Degree Type


Date of Award


Degree Name

Doctor of Philosophy



First Advisor

S. Elwynn Taylor

Second Advisor

Irvin C. Anderson


Water relations, gas exchange, and growth characteristics of intercropped soybean and velvetleaf plants were evaluated during 1985 and 1986 in a field study at Ames, Iowa. Velvetleaf predawn and midday leaf water potentials were consistently lower than those of soybean. Midday stomatal conductances, midday leaf transpiration rates, and net photosynthetic rates were higher for velvetleaf during the vegetative growth stage of both species, but thereafter were higher for soybean. Despite consistently lower leaf water potentials, velvetleaf was able to maintain a seasonal range of stomatal conductances generally comparable to those of soybean. No interspecific differences were detected in the relationship between leaf photosynthetic rates and stomatal conductance. In the drier than average year, soybeans intercropped with velvetleaf had slightly lower predawn leaf water potentials in comparison to monocultured soybeans. No differences in midday leaf water potentials, stomatal conductances, or photosynthetic rates were detected between monocultured and intercropped soybean;Soybean plants initially were taller and had more leaf area and total aboveground dry matter than intercropped velvetleaf. However, by midseason there were no interspecific differences in height and velvetleaf had surpassed soybeans in amount of leaf area and total dry weight per plant. By season-end velvetleaf plants had produced 3 to 4 times more aboveground dry matter than soybean plants. Velvetleaf had a slightly longer vegetative growth period and it abscissed a greater percentage of lower leaves in comparison to soybean. Early in the season velvetleaf allocated more resources to leaf material and less to stem material in comparison to soybean, however, a reversal of this pattern was observed later in the season. Velvetleaf specific leaf weight was greater than that of soybean from midseason on. Velvetleaf relative growth rates and net assimilation rates were consistently greater than those of soybean. Velvetleaf appears to be more efficient than soybean in the production of dry matter per unit leaf area. A rapid rate of growth and efficient allocation of dry matter appear to contribute to velvetleaf success as a weed of soybean. These factors, along with tall stature and an open, branching canopy structure, appear to allow velvetleaf to successfully compete for light with the soybean crop.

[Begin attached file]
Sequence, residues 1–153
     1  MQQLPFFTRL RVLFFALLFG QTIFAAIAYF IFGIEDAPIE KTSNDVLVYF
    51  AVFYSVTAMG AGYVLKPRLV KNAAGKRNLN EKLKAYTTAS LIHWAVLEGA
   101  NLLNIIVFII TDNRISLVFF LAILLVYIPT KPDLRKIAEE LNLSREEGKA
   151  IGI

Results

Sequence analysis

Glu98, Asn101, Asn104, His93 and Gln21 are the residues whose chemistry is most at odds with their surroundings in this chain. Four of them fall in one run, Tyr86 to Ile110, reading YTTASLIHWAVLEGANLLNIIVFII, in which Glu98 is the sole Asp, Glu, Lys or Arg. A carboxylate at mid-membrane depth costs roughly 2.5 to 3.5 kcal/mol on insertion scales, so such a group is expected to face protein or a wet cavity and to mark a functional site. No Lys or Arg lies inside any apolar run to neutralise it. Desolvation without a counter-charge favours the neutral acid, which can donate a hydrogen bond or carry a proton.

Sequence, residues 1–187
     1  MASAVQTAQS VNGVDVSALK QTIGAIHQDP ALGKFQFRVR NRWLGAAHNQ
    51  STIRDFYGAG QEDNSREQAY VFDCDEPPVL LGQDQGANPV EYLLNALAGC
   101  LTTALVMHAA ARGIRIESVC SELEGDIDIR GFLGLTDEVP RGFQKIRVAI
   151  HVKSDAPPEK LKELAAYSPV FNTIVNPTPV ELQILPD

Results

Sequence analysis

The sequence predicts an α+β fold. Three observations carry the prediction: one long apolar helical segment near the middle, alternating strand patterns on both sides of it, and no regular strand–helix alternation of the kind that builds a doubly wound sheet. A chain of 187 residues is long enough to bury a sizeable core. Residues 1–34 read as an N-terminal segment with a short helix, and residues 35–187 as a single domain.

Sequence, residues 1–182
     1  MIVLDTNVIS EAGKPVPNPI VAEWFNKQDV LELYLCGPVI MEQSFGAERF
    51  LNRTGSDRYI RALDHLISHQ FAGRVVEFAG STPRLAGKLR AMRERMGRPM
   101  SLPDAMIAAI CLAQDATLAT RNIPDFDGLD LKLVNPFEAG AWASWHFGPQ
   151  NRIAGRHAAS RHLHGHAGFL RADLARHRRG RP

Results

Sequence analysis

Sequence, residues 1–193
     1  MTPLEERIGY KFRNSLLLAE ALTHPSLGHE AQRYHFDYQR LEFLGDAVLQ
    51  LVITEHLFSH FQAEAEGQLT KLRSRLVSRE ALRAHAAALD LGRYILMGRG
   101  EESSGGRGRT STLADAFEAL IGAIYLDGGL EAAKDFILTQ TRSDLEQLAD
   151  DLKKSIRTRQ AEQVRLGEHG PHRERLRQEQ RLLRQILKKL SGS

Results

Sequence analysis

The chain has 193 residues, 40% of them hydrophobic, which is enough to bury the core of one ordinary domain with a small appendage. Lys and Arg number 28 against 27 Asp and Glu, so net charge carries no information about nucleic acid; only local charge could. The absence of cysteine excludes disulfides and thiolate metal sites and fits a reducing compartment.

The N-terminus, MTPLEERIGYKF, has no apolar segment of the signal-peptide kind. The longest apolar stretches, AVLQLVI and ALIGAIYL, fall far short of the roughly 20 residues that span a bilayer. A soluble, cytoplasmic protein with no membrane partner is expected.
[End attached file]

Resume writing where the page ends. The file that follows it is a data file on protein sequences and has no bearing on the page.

Digital Repository @ Iowa State University,

Copyright Owner

Joan Zaprzalka Cheetham



Proquest ID


File Format


File Size

83 pages